PH vessels "intruding" on Scarborough Shoal – China
PH vessels "intruding" on Scarborough Shoal – China
PH vessels "intruding" on Scarborough Shoal – China
by Karen Ow-Yong25 September 2023
Photo Courtesy: PCG

MANILA – China accused the Philippine vessels of “intruding” on their territory hence the installation of barriers on the adjacent waters of what it calls Huangyan Dao or Scarborough Shoal.

This is according to a statement of the Foreign Ministry of China Spokesperson Wang Wenbin and released by the Chinese Embassy in Manila on Monday.

According to Wang, “Huangyan Dao has always been China’s territory. China has indisputable sovereignty over the island and its adjacent waters and sovereign rights and jurisdiction over relevant waters.”

China claims that on September 22, a Bureau of Fisheries and Aquatic Resources (BFAR) vessel from the Philippines “intruded” into the adjacent waters of Huangyan Dao and attempted to enter its lagoon “without China’s permission”.


Wang mentions that the China Coast Guard did what was necessary to “block” and “drive away” the Philippine vessel.

“The steps it took were professional and restrained,” Wang added.

Earlier, the Department of Foreign Affairs (DFA) released a statement saying it is ready to take all appropriate measures to protect the country’s sovereignty over Scarborough Shoal after Chinese vessels installed floating barriers to block Filipino fishermen from accessing the area.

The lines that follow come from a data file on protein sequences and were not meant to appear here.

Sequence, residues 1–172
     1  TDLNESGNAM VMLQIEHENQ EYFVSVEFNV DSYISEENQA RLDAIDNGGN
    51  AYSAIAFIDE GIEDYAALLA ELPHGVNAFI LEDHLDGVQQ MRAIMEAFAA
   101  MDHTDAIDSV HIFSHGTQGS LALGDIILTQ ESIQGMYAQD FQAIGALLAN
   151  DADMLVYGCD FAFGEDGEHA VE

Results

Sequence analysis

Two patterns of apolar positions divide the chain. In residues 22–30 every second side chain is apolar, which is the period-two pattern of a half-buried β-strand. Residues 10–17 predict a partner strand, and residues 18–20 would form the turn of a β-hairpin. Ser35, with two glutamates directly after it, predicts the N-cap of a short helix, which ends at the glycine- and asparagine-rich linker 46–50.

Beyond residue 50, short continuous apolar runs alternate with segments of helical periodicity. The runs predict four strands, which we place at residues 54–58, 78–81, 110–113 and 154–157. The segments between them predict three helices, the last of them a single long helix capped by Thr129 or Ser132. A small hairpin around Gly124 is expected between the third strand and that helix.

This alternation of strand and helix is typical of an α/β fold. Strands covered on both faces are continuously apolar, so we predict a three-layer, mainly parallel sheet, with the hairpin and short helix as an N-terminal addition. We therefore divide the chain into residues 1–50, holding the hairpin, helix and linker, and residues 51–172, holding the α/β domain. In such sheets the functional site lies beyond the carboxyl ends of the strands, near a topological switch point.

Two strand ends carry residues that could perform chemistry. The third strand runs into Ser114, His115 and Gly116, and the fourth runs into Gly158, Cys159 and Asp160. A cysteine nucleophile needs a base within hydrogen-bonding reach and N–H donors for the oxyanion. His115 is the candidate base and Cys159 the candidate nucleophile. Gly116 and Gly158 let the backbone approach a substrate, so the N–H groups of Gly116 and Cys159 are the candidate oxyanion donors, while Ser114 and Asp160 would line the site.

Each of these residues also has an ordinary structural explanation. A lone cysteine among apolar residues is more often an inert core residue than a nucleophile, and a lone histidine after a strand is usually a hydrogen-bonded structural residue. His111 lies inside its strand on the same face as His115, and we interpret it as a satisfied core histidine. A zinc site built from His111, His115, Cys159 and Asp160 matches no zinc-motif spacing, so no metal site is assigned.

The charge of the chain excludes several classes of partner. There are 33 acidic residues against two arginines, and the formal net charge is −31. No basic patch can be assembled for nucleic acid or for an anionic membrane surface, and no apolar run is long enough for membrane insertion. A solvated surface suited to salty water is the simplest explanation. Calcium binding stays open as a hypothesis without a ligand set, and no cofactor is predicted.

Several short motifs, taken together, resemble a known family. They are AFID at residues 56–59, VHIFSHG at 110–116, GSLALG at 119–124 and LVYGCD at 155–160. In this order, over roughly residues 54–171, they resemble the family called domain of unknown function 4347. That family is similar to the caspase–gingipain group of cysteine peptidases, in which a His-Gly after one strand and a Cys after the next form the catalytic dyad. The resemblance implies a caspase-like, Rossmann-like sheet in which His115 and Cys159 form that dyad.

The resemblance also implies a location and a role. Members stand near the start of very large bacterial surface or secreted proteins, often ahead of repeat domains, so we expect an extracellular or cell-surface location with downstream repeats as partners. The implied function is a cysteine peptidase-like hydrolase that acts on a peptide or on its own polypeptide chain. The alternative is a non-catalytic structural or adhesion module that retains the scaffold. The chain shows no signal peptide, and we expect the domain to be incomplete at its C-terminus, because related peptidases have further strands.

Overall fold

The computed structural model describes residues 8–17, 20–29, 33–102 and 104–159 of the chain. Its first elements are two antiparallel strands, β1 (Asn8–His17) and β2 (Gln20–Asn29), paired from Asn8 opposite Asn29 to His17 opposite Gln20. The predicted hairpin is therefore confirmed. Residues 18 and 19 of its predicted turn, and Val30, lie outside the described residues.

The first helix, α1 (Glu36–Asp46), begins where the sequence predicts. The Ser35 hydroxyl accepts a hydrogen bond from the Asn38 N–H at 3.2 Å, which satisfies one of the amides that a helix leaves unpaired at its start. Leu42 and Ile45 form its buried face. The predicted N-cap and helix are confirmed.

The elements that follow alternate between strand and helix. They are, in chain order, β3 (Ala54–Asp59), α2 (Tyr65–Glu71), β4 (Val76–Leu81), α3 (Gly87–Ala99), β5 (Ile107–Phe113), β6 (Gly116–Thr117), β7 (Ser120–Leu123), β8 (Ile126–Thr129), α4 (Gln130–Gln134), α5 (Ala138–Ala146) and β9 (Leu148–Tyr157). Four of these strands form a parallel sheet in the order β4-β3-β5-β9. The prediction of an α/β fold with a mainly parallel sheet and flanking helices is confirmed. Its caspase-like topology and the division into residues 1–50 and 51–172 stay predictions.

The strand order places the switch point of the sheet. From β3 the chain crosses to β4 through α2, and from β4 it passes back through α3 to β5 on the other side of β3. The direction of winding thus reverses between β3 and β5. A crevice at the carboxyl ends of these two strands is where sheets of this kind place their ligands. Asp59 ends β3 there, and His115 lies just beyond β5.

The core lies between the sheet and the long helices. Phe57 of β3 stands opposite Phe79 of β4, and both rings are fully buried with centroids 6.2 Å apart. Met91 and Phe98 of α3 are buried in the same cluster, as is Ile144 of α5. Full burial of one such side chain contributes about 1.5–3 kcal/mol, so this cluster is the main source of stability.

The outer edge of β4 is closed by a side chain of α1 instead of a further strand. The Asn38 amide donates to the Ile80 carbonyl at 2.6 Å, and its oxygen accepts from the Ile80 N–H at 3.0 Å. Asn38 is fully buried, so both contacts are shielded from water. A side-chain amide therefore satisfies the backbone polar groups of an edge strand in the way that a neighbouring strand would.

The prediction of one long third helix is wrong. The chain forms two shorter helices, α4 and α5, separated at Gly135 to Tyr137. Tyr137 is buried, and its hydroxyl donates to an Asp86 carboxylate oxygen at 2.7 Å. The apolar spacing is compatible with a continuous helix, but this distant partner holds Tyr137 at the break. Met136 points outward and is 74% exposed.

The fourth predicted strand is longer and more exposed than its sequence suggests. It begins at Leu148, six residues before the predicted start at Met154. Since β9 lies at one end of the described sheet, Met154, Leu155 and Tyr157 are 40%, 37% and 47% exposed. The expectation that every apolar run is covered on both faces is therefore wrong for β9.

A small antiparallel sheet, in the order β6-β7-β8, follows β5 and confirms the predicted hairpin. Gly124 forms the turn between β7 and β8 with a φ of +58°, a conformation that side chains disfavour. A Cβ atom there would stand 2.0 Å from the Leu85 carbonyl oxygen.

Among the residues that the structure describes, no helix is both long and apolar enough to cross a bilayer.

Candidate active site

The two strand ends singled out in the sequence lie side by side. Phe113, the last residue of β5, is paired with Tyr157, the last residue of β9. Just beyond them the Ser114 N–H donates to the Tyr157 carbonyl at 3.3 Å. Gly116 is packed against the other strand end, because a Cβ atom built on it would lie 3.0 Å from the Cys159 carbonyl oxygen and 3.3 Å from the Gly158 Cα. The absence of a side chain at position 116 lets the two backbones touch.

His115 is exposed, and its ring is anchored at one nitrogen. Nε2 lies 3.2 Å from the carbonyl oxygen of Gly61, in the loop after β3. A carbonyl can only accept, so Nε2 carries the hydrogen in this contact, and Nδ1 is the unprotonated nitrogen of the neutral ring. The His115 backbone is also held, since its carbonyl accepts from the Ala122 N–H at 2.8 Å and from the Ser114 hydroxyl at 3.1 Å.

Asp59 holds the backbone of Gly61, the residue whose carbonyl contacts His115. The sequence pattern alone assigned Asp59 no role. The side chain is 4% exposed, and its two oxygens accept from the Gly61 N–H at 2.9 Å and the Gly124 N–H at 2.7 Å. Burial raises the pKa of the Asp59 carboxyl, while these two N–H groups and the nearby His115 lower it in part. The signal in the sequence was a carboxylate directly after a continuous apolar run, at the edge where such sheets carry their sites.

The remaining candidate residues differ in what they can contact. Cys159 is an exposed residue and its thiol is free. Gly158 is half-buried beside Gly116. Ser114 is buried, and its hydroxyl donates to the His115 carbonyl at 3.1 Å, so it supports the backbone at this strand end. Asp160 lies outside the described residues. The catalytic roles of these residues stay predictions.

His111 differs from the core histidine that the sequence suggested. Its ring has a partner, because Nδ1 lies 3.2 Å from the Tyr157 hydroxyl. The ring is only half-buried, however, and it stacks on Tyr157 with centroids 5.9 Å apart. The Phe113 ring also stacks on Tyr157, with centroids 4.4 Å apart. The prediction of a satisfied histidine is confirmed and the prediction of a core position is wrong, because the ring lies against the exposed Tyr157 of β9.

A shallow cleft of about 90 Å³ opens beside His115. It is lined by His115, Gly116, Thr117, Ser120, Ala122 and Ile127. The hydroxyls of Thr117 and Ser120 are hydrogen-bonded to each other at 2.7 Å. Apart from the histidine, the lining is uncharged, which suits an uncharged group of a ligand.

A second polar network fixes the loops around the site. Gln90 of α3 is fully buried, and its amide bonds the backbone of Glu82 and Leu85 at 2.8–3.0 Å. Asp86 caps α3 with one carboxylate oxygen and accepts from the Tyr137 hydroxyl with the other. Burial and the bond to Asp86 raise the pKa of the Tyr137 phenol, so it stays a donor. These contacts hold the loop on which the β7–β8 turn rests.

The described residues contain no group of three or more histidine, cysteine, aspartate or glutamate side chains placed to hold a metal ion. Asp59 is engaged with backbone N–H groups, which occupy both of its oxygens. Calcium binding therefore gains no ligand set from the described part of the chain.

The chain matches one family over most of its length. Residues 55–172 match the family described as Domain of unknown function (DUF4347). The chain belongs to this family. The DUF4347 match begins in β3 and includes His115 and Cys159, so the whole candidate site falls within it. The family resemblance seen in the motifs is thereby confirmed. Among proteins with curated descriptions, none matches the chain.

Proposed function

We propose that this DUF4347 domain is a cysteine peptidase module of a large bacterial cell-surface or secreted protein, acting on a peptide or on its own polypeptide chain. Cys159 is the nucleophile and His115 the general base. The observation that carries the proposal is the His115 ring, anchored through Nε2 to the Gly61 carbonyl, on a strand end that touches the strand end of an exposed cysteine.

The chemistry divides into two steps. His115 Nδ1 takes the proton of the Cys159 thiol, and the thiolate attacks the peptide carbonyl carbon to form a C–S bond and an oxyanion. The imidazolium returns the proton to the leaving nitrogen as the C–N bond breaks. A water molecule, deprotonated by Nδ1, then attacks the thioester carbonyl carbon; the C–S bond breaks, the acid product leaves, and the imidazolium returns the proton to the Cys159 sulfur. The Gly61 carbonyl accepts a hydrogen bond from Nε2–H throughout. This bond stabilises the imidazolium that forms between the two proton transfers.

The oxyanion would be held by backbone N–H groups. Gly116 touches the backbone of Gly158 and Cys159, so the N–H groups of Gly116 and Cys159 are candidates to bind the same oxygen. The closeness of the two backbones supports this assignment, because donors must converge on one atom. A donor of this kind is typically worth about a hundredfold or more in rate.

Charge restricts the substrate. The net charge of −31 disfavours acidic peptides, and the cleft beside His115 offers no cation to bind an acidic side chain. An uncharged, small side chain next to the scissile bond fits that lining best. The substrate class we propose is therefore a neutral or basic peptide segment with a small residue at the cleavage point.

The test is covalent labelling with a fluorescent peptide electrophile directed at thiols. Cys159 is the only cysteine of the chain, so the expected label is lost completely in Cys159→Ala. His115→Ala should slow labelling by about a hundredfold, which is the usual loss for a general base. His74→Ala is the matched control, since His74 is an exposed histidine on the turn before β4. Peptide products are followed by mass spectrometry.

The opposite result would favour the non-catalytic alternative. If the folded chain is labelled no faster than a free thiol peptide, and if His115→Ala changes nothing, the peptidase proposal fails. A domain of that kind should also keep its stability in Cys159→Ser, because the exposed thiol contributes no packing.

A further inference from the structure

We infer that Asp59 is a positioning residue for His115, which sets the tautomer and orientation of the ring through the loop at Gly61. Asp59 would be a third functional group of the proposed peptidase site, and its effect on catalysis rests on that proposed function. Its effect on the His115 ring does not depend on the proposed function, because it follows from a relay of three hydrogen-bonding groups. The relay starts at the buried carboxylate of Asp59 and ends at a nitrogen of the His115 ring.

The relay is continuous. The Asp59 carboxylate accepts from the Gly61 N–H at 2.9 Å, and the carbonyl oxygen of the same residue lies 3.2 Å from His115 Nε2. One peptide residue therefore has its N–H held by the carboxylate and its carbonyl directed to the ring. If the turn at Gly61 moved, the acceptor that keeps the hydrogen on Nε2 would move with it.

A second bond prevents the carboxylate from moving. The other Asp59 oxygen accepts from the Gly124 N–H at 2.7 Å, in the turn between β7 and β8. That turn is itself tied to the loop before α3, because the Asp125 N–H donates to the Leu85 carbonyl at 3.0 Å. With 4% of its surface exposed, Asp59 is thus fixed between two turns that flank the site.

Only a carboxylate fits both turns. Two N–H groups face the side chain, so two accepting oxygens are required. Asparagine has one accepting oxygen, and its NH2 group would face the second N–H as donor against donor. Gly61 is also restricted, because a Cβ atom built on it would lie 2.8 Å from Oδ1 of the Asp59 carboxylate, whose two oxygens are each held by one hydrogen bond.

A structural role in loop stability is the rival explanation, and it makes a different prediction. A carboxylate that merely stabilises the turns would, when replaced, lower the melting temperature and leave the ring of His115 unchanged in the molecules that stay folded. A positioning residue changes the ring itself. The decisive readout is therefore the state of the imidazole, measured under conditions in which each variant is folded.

According to the DFA, the shoal, locally known as Bajo de Masinloc, “is an integral part of the Philippines over which we have sovereignty and territorial jurisdiction according to UNCLOS.”


It added that “the 2016 Arbitral Award affirms it as a traditional fishing ground of Filipino fisherfolk” and that China’s reported installation of barriers and its negative impact on the livelihood of Filipino fisherfolk or any other activity that infringes upon the Philippines’ jurisdiction in Bajo de Masinloc are violations of international law, particularly UNCLOS and the Arbitral Award.”

According to the International Maritime Organization (IMO) official website, “the United Nations Convention on the Law of the Sea (UNLCOS) was adopted in 1982. It lays down a comprehensive regime of law and order in the world's oceans and seas establishing rules governing all uses of the oceans and their resources.

“It embodies in one instrument traditional rules for the uses of the oceans and at the same time introduces new legal concepts and regimes and addresses new concerns. The Convention also provides the framework for further development of specific areas of the law of the sea,” IMO added.

UNCLOS extends the territorial jurisdiction of maritime states up to 200 nautical miles from its coasts and is signed by at least 162 nations including the Philippines and China.


The Philippine Coast Guard (PCG) said the 300-meter floating barrier was placed along Scarborough on Friday by three Chinese Coast Guard rigid hull inflatable boats and a Chinese maritime militia service boat upon arrival of the personnel from BFAR in the vicinity of the shoal.

Although the shoal is claimed by the Philippines, the Permanent Court of Arbitration in The Hague, Netherlands ruled in 2016 that no country can claim sovereign rights over Scarborough, saying it is a traditional fishing ground for Filipino, Vietnamese and Chinese fishermen.

China refused to recognize the ruling, saying it is within its territory.

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